March 17 A committee of Kansas lawmakers will be
charged with reconciling differences in legislation passed to
plug a $280 million hole in the state's fiscal 2017 budget after
the Senate passed a revised version of a House-approved bill
late on Thursday.
Both versions would allow the state to borrow money from a
long-term investment fund and delay a payment to the Kansas
Public Employees Retirement System. But the monetary amounts and
plans to repay the cash differ, J.G. Scott, assistant director
for fiscal affairs at the Kansas Legislative Research
Department, said on Friday.
Tax cuts enacted in 2012 have gouged a hole in the Kansas
budget as revenue failed to meet monthly estimates, although
February marked a fourth straight month that collections met or
Kansas also faces higher education spending in the wake of a
recent state supreme court ruling.
Scott said the bills to fix the budget will head to a
legislative conference committee probably next week.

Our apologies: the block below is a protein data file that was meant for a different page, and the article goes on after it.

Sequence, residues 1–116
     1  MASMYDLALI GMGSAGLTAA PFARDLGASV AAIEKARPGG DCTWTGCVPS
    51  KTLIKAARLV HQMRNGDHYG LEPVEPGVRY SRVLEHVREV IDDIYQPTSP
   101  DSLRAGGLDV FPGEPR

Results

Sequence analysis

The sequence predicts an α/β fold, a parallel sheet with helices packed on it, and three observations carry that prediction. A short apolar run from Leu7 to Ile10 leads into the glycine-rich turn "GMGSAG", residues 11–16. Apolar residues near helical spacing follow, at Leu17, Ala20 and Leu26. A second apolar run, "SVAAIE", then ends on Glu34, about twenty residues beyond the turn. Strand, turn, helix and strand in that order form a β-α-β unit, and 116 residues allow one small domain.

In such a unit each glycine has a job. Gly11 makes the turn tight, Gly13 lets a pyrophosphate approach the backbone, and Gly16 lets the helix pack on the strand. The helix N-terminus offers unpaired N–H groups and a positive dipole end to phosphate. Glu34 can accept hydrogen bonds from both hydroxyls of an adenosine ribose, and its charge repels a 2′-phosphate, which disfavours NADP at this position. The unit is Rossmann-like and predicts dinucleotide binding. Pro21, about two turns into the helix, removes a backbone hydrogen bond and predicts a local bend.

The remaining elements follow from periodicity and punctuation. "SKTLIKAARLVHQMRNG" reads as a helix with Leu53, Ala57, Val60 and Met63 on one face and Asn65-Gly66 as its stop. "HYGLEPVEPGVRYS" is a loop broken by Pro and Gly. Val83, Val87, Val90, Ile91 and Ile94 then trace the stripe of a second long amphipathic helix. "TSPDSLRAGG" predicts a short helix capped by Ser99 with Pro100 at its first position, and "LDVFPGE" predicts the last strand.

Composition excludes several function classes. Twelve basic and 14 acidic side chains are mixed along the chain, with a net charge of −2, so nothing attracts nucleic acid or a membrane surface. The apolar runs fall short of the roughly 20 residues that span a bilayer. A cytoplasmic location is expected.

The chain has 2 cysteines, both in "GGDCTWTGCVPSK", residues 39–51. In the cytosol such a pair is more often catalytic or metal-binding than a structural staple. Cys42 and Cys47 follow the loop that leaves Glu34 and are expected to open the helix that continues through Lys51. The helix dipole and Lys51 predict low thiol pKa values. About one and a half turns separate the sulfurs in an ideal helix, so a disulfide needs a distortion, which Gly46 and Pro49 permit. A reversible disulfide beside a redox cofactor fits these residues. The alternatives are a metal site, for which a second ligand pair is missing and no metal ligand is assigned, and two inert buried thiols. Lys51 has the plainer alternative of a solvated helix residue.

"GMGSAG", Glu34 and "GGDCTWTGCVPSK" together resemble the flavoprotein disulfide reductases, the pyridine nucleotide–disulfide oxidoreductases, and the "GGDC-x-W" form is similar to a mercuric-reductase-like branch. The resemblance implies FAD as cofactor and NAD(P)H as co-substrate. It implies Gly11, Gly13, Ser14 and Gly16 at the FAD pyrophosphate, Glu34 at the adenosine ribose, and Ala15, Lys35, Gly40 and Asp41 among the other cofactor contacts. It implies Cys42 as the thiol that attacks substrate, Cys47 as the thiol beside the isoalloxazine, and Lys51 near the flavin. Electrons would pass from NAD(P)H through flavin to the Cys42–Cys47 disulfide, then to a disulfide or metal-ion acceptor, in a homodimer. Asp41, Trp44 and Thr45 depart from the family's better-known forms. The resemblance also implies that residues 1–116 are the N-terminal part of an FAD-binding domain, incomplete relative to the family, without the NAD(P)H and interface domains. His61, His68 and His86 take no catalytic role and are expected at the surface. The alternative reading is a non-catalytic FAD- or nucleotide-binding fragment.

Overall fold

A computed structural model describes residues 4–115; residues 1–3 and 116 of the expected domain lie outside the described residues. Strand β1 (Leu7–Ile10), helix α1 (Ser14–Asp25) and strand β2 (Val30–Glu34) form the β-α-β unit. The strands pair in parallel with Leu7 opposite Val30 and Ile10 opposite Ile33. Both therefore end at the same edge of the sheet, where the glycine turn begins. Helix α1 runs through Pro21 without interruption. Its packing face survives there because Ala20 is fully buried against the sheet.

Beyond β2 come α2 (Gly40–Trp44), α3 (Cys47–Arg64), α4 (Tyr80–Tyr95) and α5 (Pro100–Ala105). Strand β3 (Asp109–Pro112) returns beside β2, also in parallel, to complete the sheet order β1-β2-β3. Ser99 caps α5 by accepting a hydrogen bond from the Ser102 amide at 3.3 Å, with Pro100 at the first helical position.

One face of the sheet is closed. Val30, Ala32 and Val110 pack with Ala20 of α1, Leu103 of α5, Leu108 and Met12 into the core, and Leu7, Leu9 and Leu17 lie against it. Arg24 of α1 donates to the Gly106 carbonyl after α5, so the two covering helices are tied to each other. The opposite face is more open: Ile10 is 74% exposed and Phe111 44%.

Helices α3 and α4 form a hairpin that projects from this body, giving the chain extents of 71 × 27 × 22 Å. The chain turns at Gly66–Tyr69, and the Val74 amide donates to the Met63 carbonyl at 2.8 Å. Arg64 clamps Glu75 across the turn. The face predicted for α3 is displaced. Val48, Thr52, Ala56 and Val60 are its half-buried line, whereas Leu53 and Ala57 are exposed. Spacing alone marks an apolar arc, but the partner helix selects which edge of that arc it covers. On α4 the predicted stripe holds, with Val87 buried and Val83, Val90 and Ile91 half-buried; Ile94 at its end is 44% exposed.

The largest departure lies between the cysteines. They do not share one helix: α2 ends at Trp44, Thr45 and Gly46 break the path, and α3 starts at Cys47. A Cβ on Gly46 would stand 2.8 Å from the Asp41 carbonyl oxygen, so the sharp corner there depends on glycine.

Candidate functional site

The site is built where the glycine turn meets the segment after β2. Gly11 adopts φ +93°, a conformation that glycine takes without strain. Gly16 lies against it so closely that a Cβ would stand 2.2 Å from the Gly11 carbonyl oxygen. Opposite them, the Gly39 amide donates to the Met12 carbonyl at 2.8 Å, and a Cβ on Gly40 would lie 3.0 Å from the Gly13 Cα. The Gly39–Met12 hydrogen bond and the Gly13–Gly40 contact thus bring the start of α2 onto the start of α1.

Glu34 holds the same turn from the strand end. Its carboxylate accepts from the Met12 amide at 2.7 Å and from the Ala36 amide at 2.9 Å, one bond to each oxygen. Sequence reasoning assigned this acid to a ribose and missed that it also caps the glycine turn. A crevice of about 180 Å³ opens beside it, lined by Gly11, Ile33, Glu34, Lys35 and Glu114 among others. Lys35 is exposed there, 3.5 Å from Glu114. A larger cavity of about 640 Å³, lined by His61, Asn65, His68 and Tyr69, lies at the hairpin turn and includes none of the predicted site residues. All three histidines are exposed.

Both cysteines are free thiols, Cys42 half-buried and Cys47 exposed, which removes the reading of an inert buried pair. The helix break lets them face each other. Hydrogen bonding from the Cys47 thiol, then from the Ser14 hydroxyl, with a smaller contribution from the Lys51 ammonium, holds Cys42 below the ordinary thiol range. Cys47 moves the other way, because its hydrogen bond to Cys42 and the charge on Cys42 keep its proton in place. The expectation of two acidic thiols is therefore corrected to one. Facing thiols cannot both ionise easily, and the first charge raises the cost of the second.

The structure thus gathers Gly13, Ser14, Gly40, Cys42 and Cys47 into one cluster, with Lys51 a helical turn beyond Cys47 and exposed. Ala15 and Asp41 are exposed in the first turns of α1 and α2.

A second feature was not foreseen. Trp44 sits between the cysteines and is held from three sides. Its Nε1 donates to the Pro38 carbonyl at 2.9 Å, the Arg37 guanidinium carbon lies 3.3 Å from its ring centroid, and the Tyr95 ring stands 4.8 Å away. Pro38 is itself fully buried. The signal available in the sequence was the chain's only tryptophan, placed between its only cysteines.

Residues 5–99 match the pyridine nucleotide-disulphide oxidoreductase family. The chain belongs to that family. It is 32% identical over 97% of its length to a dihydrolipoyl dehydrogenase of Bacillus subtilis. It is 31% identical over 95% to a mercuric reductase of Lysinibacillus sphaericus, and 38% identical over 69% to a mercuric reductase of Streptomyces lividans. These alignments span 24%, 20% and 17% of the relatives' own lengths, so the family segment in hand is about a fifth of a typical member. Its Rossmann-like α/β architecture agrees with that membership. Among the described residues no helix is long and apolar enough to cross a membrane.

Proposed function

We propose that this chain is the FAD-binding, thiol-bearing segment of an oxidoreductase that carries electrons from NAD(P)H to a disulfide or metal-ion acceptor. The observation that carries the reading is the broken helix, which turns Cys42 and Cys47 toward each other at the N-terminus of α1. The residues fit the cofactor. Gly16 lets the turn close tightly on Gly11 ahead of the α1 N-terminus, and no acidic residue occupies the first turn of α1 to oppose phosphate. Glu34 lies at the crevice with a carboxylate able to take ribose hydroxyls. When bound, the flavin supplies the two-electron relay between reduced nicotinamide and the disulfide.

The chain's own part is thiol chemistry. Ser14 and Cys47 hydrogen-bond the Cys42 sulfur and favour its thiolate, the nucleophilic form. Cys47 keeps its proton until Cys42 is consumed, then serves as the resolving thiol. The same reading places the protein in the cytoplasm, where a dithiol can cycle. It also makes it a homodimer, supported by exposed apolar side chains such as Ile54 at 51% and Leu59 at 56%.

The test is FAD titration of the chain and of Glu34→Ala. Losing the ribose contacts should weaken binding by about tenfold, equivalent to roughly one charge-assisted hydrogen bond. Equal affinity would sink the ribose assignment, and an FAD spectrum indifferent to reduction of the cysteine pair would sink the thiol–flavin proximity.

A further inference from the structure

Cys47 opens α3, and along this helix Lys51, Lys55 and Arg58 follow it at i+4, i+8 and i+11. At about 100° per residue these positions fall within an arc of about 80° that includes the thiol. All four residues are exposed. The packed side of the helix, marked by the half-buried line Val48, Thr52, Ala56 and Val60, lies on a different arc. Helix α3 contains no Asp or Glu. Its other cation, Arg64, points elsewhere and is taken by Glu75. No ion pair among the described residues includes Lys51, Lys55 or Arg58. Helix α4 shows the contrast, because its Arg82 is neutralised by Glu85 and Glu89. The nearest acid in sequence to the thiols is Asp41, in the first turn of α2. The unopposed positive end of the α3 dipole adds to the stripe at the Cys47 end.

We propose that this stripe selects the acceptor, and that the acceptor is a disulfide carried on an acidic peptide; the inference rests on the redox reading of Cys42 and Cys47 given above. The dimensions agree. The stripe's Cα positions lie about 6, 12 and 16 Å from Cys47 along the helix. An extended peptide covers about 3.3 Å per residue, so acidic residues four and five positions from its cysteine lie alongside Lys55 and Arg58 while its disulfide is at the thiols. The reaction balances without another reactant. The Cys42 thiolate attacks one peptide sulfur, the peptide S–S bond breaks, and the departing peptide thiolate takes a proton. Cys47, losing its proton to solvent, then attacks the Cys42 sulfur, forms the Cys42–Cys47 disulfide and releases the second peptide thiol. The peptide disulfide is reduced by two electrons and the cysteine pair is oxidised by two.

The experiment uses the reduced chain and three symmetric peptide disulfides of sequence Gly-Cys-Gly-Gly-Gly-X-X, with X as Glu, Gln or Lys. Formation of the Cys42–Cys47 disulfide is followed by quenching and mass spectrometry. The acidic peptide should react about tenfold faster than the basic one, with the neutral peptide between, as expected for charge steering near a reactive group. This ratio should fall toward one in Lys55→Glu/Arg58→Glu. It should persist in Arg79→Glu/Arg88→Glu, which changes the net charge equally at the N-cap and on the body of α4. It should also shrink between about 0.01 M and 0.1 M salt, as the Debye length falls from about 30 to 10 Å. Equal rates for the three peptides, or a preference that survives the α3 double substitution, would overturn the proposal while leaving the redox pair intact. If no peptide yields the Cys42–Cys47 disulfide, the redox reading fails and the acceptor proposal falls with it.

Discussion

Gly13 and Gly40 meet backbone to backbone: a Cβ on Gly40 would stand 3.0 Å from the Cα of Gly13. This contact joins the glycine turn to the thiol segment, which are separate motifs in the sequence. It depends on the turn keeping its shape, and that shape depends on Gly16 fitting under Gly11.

The Senate on Thursday rejected three attempts to amend the
bill with across-the-board spending cuts of 2 percent, 1 percent
and 0.5 percent.
Republican Senate President Susan Wagle contended spending
cuts, which would have included primary and secondary public
schools, would ease tax hikes the legislature is expected to
take up to tackle a $755 million projected budget shortfall over
the next two fiscal years.
A move in the state legislature last month to boost revenue
by raising tax rates and eliminating a business exemption failed
when the Senate was unable to override Republican Governor Sam
Complicating Kansas' finances is a March 2 state supreme
court ruling that found the school funding system falls short of
a constitutional requirement for adequacy. The ruling, which set
a June 30 deadline for the enactment of a constitutional funding
method, could require Kansas to increase school funding by more
than $500 million each year.
Moody's Investors Service and S&P Global Ratings have said
the ruling will put increased pressure on the state's already
Meanwhile, resolutions are pending in the House and Senate
to put a constitutional amendment on the November 2018 ballot
that would require a two-thirds vote by both legislative
chambers to pass any state tax increase. The measure also seeks
an annual cap on state spending and creates funds for debt
payments and a budget reserve.
Scott said previous attempts to put similar measures on the
ballot were not successful.
(Reporting by Karen Pierog in Chicago; Editing by Matthew